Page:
Lethbridge animal hospital discusses vet shortage during COVID-19 pet boom

Click to play video: 'Lethbridge animal hospital discusses veterinarian shortage amid COVID-19 pet boom'
Lethbridge animal hospital discusses veterinarian shortage amid COVID-19 pet boom
A lot of things have become more difficult during the pandemic and that extends to animal care. As Taz Dhaliwal explains, an industry that was already feeling pressure before the pandemic has been especially challenged. – Feb 1, 2021

The veterinarian and animal care industry all across Canada was already experiencing a shortage in trained professionals and now the pandemic has made things even busier with a recent influx of pet owners.

“We’re always looking for vets, they’re definitely hard to come by, especially vets that want to work emergency,” said Dr. Kate Lupton, a veterinarian with the Family Pet Hospital and 24 Hour Pet Emergency Centre in Lethbridge.

“So, the emergency clinics especially feel the strain and I think rural practices as well — to find large animal vets is also a struggle,” Lupton added.

The pet hospital says it sometimes has to book patients weeks in advance, but is trying its best to accommodate everyone.

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“We try and see everything we possibly can,” she explained.

“I hear stories of clinics turning patients away because they physically cannot take anymore.”

“Obviously that is not good for our pets and the toll on staff… We’re spread thin,” Lupton said.

Click to play video: 'Alberta’s pandemic pet boom leaving veterinarians in short supply'
Alberta’s pandemic pet boom leaving veterinarians in short supply

The Canadian Veterinary Medical Association (CVMA) says there are currently about 12,500 vets in Canada. The organization is working on ways to add to that number.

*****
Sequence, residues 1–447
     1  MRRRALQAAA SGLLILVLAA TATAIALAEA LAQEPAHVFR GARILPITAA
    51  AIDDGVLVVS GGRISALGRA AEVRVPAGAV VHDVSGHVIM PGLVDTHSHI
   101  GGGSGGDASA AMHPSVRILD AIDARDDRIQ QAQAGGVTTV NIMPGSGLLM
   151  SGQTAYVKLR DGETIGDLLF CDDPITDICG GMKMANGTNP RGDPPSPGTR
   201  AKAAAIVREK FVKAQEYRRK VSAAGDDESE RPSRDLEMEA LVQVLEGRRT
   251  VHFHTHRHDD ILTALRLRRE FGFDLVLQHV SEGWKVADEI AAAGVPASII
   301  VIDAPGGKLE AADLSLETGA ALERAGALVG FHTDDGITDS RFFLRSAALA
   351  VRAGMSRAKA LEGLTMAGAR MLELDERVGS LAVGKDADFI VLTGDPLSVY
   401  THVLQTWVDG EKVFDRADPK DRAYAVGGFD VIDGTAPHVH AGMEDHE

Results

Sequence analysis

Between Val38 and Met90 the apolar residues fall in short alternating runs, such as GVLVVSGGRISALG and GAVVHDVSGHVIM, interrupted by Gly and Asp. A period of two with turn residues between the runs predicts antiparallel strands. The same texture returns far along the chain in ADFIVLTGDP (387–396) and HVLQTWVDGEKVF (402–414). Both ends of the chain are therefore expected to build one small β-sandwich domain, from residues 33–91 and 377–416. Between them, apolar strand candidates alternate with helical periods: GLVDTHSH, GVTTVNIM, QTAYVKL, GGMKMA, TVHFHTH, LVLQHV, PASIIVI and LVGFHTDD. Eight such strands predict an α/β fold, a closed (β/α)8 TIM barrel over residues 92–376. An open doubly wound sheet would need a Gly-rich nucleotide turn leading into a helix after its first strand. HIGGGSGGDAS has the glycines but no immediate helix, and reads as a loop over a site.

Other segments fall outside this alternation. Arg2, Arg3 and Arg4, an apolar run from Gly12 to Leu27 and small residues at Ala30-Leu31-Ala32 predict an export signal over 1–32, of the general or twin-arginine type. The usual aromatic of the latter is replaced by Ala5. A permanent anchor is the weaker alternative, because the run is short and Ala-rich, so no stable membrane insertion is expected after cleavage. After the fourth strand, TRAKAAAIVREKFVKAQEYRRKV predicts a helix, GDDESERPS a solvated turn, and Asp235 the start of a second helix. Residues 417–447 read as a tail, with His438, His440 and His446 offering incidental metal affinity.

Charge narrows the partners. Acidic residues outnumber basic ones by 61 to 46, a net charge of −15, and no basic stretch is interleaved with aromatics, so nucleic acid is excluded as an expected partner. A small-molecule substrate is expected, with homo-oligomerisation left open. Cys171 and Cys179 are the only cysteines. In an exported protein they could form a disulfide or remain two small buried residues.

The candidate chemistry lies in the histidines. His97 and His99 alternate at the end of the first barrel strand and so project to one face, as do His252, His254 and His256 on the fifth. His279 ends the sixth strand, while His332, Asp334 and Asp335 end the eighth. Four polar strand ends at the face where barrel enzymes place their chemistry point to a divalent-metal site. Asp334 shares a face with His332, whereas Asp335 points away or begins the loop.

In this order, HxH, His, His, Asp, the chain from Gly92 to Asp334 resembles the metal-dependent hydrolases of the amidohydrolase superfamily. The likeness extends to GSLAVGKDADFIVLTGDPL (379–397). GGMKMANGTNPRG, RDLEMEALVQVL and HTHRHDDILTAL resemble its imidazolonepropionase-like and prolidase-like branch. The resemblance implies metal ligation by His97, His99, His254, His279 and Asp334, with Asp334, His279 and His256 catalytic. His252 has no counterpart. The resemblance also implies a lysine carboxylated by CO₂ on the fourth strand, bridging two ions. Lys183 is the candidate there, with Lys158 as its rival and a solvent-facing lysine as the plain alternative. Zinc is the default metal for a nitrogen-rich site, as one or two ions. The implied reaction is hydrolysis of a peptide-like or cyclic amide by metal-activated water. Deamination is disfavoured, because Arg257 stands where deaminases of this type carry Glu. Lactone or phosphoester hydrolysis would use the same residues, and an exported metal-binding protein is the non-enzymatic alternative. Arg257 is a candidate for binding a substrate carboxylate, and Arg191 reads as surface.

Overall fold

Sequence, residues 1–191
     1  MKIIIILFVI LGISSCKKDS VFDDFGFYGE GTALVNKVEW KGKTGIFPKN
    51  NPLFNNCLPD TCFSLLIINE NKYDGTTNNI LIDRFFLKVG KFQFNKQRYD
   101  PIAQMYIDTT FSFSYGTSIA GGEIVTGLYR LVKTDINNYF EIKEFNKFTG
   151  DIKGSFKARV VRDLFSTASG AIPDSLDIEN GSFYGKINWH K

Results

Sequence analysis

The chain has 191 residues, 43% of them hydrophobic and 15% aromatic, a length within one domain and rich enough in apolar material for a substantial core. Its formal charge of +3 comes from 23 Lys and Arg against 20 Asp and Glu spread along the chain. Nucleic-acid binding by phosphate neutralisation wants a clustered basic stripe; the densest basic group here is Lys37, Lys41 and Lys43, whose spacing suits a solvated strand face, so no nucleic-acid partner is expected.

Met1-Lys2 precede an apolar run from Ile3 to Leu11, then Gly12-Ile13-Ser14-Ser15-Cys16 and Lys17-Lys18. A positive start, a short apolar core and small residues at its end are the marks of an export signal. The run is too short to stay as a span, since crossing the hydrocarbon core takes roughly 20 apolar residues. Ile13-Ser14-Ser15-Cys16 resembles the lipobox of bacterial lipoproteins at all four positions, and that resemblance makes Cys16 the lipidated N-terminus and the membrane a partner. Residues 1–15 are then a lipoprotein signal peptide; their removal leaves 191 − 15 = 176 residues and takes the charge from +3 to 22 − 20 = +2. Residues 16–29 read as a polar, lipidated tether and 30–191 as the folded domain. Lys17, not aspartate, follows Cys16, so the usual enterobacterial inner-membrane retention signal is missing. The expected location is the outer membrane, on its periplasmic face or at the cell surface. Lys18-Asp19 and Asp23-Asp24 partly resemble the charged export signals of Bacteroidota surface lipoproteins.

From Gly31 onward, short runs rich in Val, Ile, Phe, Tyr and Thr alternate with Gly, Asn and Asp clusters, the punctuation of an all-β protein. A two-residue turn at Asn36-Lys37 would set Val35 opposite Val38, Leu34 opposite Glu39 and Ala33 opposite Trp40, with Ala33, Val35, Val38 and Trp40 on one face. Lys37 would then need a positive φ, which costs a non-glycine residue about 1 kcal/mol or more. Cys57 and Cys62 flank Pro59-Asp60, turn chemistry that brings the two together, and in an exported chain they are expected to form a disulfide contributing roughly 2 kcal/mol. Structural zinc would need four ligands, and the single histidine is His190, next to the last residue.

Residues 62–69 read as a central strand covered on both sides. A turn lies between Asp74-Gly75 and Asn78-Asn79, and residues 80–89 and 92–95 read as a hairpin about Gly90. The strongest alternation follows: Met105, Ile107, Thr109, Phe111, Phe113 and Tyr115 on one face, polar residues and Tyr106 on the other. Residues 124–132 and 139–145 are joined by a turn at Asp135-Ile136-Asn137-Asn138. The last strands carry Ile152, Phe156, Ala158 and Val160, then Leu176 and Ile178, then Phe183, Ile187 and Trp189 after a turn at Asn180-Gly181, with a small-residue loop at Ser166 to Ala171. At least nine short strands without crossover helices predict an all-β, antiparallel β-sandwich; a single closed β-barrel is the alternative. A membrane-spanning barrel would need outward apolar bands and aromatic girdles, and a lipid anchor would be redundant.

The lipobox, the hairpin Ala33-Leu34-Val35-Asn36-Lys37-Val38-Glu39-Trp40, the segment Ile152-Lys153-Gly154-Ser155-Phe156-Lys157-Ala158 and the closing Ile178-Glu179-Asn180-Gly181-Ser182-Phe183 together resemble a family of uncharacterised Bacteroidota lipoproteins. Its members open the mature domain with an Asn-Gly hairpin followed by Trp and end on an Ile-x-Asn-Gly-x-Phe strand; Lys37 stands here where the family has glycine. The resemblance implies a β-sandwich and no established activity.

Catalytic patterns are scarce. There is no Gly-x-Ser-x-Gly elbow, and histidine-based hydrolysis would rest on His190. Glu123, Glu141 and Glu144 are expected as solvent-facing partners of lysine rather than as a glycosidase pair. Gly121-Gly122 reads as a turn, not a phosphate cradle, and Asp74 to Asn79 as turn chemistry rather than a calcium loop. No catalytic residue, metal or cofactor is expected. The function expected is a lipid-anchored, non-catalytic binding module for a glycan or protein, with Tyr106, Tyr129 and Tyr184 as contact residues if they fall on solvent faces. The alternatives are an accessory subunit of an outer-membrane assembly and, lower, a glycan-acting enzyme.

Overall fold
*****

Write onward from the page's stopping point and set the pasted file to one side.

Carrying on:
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It says up to 50 per cent more veterinarians and vet technicians might be needed within the workforce in the next 10 years in order to adequately address the significant shortage in workers, which is also being compounded by those retiring.

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“There are a number of vets schools in Canada, all of which are accredited, and there’s certain challenges of course as far as [you] can’t just increase the amount of seats because most of these are also sponsored by provincial governments.

“One of the things the CVMA is doing is working together with provinces,” explained Dr. Louis Kwantes, president-elect with Canadian Veterinary Medical Association.

There are currently only five veterinary schools across Canada and they are all region-locked, meaning only those who are permanent residents in the specific region can apply.

The schools also have limited seats available. For instance, the faculty of Veterinary Medicine at the University of Calgary is one of two veterinarian schools in all of western Canada, only has 50 seats available and does not accept applicants from outside the province.

In order for the school to increase seats, the Alberta government would need to increase its funding for the program.

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Dr. Kwantes goes on to say since every seat in a school requires quite a bit of money from its respective provincial government, it can take years to increase enrolment numbers.

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In the interim, the CVMA is looking at solutions including encouraging people to come to Canada who are licensed veterinarians from accredited colleges, and selective ways for licensure.

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Another big issue facing the industry is poor mental health.

With long, gruelling hours, a pay scale lower than doctors and nurses, the veterinarian profession has one of the highest suicide rates in the country.

“We deal with significant challenges associated with end-of-life decisions… and veterinary care is not paid by the government,” Kwantes said.

“Often times, we also have decisions that need to be made because of economic reasons.”

The CVMA says there are professional supports in place, however the toughest part can be getting past the stigma of asking for help.

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